If your sewing machine thread breaks, don’t worry. It’s a common problem for many sewers. What’s not normal is if your sewing machine thread keeps breaking.
Sewing machines use a lot of power so when the tension is too tight or loose, it can cause the sewing machine thread to break.
Sewing is not always easy – there are many things that could go wrong before, during, and after your project.
This guide will detail all the causes of this problem and provide solutions on how to fix them.
We’ll start by discussing some general things that you should know about sewing machine thread breaking before digging into details.
1. The Thread Might Not Be Installed Correctly
If the sewing machine thread is installed incorrectly, there’s a good chance that it will break.
Thread should be wound around a single spool or inserted into two registered needle holes in the sewing machine bobbin case and then pulled to tie an overhand knot at each end of the thread tail before cutting off any excess length.
The tension on your sewing machine can also cause this problem as mentioned above so here are some tips for solving that issue:
Make sure you have enough pressure from your foot pedal (this will depend on what type of sewing style you use).
The more pressure there is, the tighter your stitches will be. This comes with practice though. For beginners, start out with light pressure because stitching tightly could lead to breaking threads if done incorrectly beforehand.
2. Thread Knots or Tangles
When sewing with thread, knots and tangles can be a common occurrence.
To fix this problem, simply cut the knot off before it gets too tight or tangled up in your machine. If you can ensure that there are no knots and tangles in the thread you’re using and the thread keeps breaking, it’s likely to be because of another problem.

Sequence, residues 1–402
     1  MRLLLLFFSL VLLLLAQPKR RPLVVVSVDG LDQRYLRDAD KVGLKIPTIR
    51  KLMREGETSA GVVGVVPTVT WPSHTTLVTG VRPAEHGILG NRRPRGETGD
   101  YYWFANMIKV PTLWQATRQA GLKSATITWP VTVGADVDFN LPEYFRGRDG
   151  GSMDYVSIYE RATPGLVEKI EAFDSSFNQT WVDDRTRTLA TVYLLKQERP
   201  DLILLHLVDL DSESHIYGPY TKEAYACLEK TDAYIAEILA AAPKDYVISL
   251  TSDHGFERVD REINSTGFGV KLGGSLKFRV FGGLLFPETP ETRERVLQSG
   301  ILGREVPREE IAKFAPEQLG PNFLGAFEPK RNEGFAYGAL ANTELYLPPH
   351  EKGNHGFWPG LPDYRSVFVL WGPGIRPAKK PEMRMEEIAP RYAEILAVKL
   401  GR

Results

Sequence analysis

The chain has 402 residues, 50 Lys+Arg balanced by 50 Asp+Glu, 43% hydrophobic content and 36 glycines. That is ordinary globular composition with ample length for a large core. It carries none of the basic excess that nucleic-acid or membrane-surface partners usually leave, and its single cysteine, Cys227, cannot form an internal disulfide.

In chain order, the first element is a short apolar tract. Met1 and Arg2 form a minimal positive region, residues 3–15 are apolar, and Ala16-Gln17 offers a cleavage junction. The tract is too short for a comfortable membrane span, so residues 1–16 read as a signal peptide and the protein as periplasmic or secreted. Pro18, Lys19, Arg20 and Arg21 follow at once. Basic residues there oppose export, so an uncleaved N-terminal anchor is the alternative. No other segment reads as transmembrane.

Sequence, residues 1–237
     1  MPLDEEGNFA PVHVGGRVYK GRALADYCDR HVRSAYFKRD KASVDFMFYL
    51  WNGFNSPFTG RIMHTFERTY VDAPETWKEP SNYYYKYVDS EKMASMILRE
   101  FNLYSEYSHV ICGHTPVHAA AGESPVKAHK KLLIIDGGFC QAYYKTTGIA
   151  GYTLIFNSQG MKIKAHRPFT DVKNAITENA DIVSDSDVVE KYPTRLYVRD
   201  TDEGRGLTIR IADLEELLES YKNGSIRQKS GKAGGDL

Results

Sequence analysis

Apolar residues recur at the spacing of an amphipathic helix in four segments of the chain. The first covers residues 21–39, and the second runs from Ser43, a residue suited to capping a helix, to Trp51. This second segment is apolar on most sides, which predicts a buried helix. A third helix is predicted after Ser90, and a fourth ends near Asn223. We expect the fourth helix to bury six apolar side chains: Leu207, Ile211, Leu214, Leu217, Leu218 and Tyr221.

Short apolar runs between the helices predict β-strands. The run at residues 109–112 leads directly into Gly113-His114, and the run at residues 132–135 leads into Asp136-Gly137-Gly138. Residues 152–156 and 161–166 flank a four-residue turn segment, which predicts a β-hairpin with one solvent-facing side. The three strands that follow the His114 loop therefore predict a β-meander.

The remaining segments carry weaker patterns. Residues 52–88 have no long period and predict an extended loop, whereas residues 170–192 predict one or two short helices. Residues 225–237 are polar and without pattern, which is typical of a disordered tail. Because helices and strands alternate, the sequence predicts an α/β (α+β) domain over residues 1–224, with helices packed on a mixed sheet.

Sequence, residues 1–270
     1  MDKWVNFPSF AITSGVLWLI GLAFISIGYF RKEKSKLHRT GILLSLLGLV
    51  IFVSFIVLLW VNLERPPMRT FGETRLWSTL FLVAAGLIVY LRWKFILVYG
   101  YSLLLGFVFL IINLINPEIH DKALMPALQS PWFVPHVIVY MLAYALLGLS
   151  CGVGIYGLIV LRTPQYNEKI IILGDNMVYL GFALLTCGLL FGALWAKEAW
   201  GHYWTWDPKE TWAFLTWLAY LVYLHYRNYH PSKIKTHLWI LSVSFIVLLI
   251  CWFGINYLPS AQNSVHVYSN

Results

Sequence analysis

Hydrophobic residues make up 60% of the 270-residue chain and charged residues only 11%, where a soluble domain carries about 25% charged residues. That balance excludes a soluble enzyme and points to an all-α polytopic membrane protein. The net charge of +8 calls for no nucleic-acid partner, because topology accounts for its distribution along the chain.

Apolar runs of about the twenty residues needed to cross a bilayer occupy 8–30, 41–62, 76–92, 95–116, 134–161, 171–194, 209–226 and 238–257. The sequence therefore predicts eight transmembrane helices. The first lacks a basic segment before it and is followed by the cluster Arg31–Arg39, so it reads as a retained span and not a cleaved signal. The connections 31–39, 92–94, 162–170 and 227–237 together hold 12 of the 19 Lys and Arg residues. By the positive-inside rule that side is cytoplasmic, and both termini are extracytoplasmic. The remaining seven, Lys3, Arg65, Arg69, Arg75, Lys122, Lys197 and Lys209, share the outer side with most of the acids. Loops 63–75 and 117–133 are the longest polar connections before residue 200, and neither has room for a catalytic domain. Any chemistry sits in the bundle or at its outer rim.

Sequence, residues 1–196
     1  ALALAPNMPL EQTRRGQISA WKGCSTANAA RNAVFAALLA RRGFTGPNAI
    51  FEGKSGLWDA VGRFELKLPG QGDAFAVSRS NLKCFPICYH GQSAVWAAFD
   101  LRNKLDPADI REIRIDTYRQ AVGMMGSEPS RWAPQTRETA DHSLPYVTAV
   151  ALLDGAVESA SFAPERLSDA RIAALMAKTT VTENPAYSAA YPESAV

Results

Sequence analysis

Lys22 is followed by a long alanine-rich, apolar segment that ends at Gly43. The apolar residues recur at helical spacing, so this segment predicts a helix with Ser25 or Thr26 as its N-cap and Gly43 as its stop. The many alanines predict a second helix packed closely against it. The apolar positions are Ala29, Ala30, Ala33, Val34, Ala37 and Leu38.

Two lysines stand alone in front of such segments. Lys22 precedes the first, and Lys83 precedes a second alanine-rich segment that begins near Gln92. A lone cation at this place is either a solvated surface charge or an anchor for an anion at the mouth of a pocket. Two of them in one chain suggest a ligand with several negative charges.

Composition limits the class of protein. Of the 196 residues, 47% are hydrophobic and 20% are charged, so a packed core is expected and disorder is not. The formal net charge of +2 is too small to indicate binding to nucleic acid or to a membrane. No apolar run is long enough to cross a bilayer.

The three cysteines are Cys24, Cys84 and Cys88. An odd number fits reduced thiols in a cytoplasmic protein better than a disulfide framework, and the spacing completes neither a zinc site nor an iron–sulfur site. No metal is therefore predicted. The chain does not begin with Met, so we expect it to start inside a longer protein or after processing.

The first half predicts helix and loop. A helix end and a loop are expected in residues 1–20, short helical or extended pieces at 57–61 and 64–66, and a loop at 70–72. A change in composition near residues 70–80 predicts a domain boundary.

3. The Upper Thread Tension Could Be Too Tight
Set the tension to the lowest level and then re-thread your machine.
The lower tension thread could be too tight, which is why it’s also wise to test this on a scrap piece of fabric first before sewing with any important project because if you make an error here, fixing it might take some time.
To fix this adjust the upper thread tension down just slightly from what was used for your last stitch or set it at one notch below that.
If there are ‘+’ signs next to the tensions you can increase them by turning the screw counter clockwise (left). To decrease them turn the screw in a clockwise direction (right).
Lowering or raising these tensions will affect how tightly your stitches are sewn. it’s advisable to set the tension to the best setting for your thread or less.
4. The Lower Thread Tension is not Correct
If you see the thread not rolling out of the bobbin smoothly, you need to adjust the tension on your bobbin case.
Start by turning it in a clockwise direction (right) until you see that the thread is spinning correctly and evenly around the bobbin shuttle. You can then turn back one notch if needed, but keep an eye out for any other problems with sewing machine or thread movement while you sew.
If this doesn’t fix it move onto step two below: Lowering/raising upper thread tensions. This will affect how tightly sewn stitches are so be sure to choose appropriate settings!
The lower thread tension may not be adjusted properly and needs adjustment up or down depending on what’s happening with your sewing machine needle thread ratio as well as what type of fabric you’re working on.
5. Sewing Machine Needles
There are two things you need to check when we’re talking about sewing machine needles being a factor to why the thread keeps breaking:
- Check if you’re using the correct needle size for your project
- Check if the needle itself is bent or broken
To fix this, simply replace the needle with a new one. If you’re using the incorrect needle size, make sure you use the right needle size for the fabric you’re working on.
6. Check the Bobbin